Muddy Uncertainty in Dunkirk

8 images Created 19 Oct 2021

European migrant crisis in France (AlJazeera English - 2015)

Over the course of 2015, the influx of refugees seeking shelter in Europe climaxed to a never before encountered level. As much as the reasons for their journeys differ, may they be fleeing from war, poverty, violence or oppression, they all have one thing in common – they travel by foot. Distances that in the modern age are easily covered by plane or other types of transport become a major struggle. A four hour flight becomes the journey of months. And apart from that, authorities and politics further complicate their life.

Most of the refugees in northern France wish to further continue to the UK. Yet, with an increasing number of border security from both the French and the British side, including newly erected fences surrounding port, highway and tracks, many are stranded in the makeshift refugee camps in Dunkirk and Calais. What for most refugees was meant as a mere place of transit slowly transforms into a permanent a place of stay.

As of mid-December 2015, the ever-growing camp in Grande-Synthe near Dunkirk, has approximately 2.500 to 3.000 inhabitants. Despite its increasing soze, the camps witnesses little to no support by national authorities or international organizations. The majority of help comes from small NGOs and volunteers or even from the refugees themselves.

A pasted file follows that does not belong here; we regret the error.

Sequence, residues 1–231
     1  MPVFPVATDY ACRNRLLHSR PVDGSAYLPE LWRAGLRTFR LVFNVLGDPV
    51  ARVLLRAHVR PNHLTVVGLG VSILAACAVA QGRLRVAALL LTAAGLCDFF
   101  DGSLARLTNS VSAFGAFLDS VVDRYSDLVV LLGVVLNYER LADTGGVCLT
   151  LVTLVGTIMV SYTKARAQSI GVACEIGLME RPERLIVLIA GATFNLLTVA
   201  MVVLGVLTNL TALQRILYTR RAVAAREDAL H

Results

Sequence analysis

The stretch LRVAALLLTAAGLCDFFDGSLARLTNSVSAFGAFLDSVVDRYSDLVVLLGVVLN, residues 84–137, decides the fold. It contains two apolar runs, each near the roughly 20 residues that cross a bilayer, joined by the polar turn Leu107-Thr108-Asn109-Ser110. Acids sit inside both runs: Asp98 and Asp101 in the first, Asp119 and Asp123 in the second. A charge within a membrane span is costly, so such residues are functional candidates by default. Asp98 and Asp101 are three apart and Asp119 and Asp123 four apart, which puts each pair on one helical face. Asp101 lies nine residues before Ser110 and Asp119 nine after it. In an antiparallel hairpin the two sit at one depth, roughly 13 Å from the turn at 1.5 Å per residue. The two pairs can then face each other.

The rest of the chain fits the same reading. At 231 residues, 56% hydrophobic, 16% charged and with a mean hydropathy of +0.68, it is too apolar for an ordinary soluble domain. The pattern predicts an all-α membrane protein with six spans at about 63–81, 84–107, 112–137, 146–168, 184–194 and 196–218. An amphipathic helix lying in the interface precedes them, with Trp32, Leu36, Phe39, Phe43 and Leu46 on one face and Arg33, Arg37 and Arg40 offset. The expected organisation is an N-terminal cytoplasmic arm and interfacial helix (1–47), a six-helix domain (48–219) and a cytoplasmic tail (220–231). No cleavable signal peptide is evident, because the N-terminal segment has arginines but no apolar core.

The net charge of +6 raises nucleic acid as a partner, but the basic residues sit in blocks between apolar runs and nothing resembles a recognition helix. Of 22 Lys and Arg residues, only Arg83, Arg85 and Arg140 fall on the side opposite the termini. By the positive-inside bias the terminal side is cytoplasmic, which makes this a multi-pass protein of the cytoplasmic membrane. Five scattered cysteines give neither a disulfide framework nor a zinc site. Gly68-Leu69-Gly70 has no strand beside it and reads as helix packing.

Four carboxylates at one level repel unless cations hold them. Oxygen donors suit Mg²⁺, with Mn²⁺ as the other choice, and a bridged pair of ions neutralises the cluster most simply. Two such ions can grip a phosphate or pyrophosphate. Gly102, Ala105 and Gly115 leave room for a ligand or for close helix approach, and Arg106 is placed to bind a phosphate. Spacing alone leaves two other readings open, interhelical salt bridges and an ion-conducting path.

Many inhabitants came from the camp in Calais but chose to rather try their luck in the much less developed but presumably safer camp in Grande-Synthe.

The camp in Grande-Synthe lies on a stretch of land surrounded by the local football stadium and a tidy suburban neighborhood. A place that was formerly designated to become an eco-village. The contrast between the prevalent conditions inside and the bourgeois scenery outside the camp seems almost surreal. The mud-covered sidewalk in front of the camp gives a foretaste of what one finds on the inside.

Lately, courageous volunteers from Belgium and Britain started constructing several shelters and even built a house for kids to play in. Though there are rumors that the government is currently planning the relocation of the camp to a yet unknown destination. In cooperation with MSF, the French government offered financial backup for the building of a more suitable and staffed camp.

Note: The story's photos and words depict the situation in mid December 2015. Things have changed since then and from what I have experienced on further trips to northern France, they continue to do so week by week.
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